Saturday, April 30, 2011

Hunting Warbirds: The Obsessive Quest for the Lost Aircraft of World War II, by Carl Hoffman


Hunting Warbirds: The Obsessive Quest for the Lost Aircraft of World War II, by Carl Hoffman
Ballantine Books, 2001
241 pages. No index. 16 pages of b&w photos.
Library: 623.746 HOF

Description
"Winged treasure" they call them-the lost remains of the great American fighter planes and bombers that won World War II. Hellcats and Supperfortresses, Corsairs and Dauntlesses. Produced by the thousands at the height of the war, and then cast off as scrap in the decades that followed, these warbirds are now worth literally anything-fortunes,families, even lives-to the peoplewho search for them. Like many men, writer Carl Hoffman was bitten by the warbird bug as a child. But he never imagined that he would one day witness and participate in a heroic adventure himself-the most audacious warbird rescue attempt of all time.

The crash of the Kee Bird B-29 Superfortress made banner headlines in 1947 when a team of Air Force pilots pulled off the near-miraculous feat of locating the wreck in Greenland and snatching its stranded crew from the teeth of the arctic winter.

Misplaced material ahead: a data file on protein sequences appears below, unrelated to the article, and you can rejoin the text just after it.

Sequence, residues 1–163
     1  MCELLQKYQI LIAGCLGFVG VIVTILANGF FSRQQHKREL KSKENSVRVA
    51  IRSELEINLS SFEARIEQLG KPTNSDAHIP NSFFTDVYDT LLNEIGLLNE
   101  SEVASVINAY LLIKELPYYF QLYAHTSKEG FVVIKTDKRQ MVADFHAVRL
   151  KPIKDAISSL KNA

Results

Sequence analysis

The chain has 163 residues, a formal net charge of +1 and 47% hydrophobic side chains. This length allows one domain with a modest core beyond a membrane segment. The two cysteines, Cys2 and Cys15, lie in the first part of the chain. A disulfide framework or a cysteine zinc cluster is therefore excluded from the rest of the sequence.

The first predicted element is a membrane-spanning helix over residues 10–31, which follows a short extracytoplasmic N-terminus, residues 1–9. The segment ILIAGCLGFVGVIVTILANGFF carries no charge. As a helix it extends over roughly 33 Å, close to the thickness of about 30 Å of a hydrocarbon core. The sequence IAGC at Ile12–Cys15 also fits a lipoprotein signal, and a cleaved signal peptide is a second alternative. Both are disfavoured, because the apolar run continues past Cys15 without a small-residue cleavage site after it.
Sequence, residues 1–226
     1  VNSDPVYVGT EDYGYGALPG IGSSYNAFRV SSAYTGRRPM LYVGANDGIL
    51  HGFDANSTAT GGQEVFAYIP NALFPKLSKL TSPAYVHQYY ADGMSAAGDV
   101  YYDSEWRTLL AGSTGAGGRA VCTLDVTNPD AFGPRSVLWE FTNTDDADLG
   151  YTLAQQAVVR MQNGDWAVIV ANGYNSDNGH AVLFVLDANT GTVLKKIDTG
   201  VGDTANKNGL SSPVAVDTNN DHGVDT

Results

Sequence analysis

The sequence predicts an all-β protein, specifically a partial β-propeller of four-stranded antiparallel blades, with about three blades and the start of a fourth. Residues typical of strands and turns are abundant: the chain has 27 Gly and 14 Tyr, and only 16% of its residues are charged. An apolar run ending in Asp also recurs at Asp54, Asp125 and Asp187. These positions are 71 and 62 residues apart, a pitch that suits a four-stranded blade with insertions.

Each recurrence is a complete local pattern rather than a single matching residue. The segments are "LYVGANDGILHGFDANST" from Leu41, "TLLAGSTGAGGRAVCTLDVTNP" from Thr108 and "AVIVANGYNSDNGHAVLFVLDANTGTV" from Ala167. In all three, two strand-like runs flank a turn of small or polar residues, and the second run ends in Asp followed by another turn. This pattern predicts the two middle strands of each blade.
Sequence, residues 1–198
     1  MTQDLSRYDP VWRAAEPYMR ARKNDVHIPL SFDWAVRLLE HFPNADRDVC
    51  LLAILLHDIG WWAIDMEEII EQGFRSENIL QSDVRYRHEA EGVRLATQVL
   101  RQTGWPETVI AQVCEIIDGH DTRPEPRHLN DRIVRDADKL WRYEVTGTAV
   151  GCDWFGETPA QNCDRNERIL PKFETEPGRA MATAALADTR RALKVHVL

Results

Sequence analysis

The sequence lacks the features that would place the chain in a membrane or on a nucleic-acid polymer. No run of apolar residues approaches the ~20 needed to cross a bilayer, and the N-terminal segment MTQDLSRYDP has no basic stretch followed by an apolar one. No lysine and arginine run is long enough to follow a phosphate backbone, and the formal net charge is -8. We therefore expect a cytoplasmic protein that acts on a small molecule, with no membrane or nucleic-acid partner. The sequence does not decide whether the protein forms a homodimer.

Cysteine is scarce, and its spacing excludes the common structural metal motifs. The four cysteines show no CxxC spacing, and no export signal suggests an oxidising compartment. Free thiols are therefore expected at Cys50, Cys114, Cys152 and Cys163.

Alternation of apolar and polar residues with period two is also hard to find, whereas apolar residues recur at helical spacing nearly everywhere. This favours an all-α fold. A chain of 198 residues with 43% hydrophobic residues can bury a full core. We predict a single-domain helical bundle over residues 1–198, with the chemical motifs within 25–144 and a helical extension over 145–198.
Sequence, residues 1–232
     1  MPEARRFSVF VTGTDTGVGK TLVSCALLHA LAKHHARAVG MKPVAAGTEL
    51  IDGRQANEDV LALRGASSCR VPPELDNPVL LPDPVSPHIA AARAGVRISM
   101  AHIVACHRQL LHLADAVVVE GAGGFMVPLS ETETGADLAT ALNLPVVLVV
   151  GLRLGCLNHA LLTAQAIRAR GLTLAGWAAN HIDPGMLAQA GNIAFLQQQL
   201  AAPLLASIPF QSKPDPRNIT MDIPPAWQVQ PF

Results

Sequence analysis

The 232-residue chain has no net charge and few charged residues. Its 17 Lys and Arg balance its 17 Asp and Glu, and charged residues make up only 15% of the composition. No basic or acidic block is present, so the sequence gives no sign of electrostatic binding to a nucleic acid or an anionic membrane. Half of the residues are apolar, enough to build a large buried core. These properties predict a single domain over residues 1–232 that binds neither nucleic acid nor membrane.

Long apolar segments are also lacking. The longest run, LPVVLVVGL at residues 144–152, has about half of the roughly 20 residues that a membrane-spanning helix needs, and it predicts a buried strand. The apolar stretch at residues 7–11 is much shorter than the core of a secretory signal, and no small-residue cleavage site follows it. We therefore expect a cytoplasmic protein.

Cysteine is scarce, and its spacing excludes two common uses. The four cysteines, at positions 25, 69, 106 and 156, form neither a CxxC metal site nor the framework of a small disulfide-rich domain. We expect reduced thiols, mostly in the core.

For nearly half a century, the almost perfectly intact warbird lay abandoned on a lake of ice-but not forgotten. Fifty years later, with collectors paying upward of a million dollars for salvageable WWII planes, two intense fanatics, legendary test pilot Darryl Greenamyer and starry-eyed salvage wizard Gary Larkins, hatched the insane idea of launching an expedition to Greenland to find the Kee Bird, bring it back to life, and fly it out.

In this riveting adventure of man, machine and history, the quest for winged treasure ultimately extends far beyond the search for the Kee Bird. Hoffman literally crisscrosses the country to track down the key players in the high-stakes warbird game.

He meets a retired Midwestern carpenter who crammed every inch of his yard with now-precious warbirds during the lean years when they were considered junk; attends an air show where crowds go wild at the sight of four of the fourteen airworthy B-17s flying in formation, speaks to pilots and mechanics, millionaire businessmen and penniless kids-all of them ready to drop everything in pursuit of these fabled planes.

"These planes are a sickness, that's all there is to it," one warbird fan tells Hoffma as he lovingly polishes his vintage B-17. In this superbly crafted narrative, Hoffman turns the warbird craze into the stuff of high drama and awesome adventure. Hunting Warbirds takes us to the heart of one of the most fascinating obsessions of our time.

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